Sarah Bergbreiter joined the Department of Mechanical Engineering at Carnegie Mellon University in the fall of 2018.
She received her B.S.E. degree in electrical engineering from Princeton University in 1999. After a short introduction to the challenges of sensor networks at a small startup company, she received the MS and Ph.D. degrees from the University of California, Berkeley in 2004 and 2007 with a focus on microrobotics. She joined the University of Maryland, College Park in 2008 as an assistant professor of mechanical engineering, with a joint appointment in the Institute for Systems Research.
She received the DARPA Young Faculty Award in 2008, the NSF CAREER Award in 2011, and the Presidential Early Career Award for Scientists and Engineers (PECASE) Award in 2013 for her research on engineering robotic systems down to sub-millimeter size scales. She also received the Best Conference Paper Award at IEEE ICRA 2010 for her work incorporating new materials into microrobotics.
Better Sensors and Mechanisms for Micro and Macro Robots
2007 Ph.D., University of California, Berkeley
2004 MS, University of California, Berkeley
1999 B.S.E., Princeton University
Grasshopping robots made possible with new, improved latch control
Researchers at Carnegie Mellon University have made grasshopping robots possible by uncovering that latches can mediate energy transfer between robotic jumpers and the environment that they are jumping from.
Bergbreiter talks insect-inspired robotics design
MechE’s Sarah Bergbreiter spoke to Popular Science about how jumping insects inspired the mechanics of her team’s recent design, a bouncing robot that can control energy transfers between surface and device using its launch mechanism. “It’s really fascinating that the latch— something that we already need in our robots—can be used to control outputs that we couldn’t have controlled before.”
Bergbreiter quoted on jumping robot
Recently, a world record has been broken in the field of autonomous jumping robots by researchers at the University of California, Santa Barbara using biomimicry. MechE’s Sarah Bergbreiter wrote a commentary about this event in Nature, which has been widely quoted in articles related to this event, including in Scientific American.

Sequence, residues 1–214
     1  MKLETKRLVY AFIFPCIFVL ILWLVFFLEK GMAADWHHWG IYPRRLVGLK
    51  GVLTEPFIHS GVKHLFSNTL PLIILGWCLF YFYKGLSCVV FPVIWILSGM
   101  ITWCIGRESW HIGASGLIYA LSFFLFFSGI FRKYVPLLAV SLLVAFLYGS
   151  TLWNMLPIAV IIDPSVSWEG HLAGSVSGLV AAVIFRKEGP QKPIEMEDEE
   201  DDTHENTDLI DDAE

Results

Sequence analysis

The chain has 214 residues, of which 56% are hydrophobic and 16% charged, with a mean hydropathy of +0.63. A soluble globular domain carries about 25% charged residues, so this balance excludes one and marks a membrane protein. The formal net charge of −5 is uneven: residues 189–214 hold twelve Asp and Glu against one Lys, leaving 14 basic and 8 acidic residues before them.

Bergbreiter, Majidi, and Webster-Wood featured in IEEE Spectrum
MechE’s Carmel Majidi, Sarah Bergbreiter, and Victoria Webster-Wood were featured on IEEE Spectrum, discussing softbotics.
Latch on, launch off
Researchers observe the fastest organisms in nature—Dracula ants, froghoppers, and spore-ejecting fungi—to investigate spring-powered latch mechanisms for robotics.
Making mechanical skin
These 3D printed circuits are self-healing, re-writable, and energy-harvesting, thanks to liquid metal.
At home with research
Despite the coronavirus shutdown, researchers and students were creative about continuing their work and joining the fight against COVID-19.
St. Pierre named to Forbes’ 30 Under 30
Forbes has named MechE postdoctoral researcher Ryan St. Pierre to its 30 Under 30 Science 2020 list. St. Pierre develops microscale, insect-inspired robots in Meche’s Sarah Bergbreiter’s lab.
Future Tech Podcast
Bergbreiter on micro robotics research
MechE’s Sarah Bergbreiter was a guest on the Future Tech Podcast and discussed her research in the field of robotics. Bergbreiter also discusses the different applications of microrobots as well as some of the challenges she has encountered.
Bergbreiter and Ozdoganlar awarded ASME Fellows
MechE’s Sarah Bergbreiter and Burak Ozdoganlar were named 2019 Fellows in the American Society of Mechanical Engineers (ASME).
Working toward agile flight for small UAVs
Inspired by insects’ wings, Bergbreiter and her collaborators are looking to develop UAVs that can fly more efficiently and deal with disturbances like gusts or breezes.
Bergbreiter, Jayan win Army DURIP awards
Sarah Bergbreiter and B. Reeja Jayan have received Defense University Research Instrumentation Program (DURIP) awards to purchase vital laboratory equipment for current research and the development of new ideas and techniques.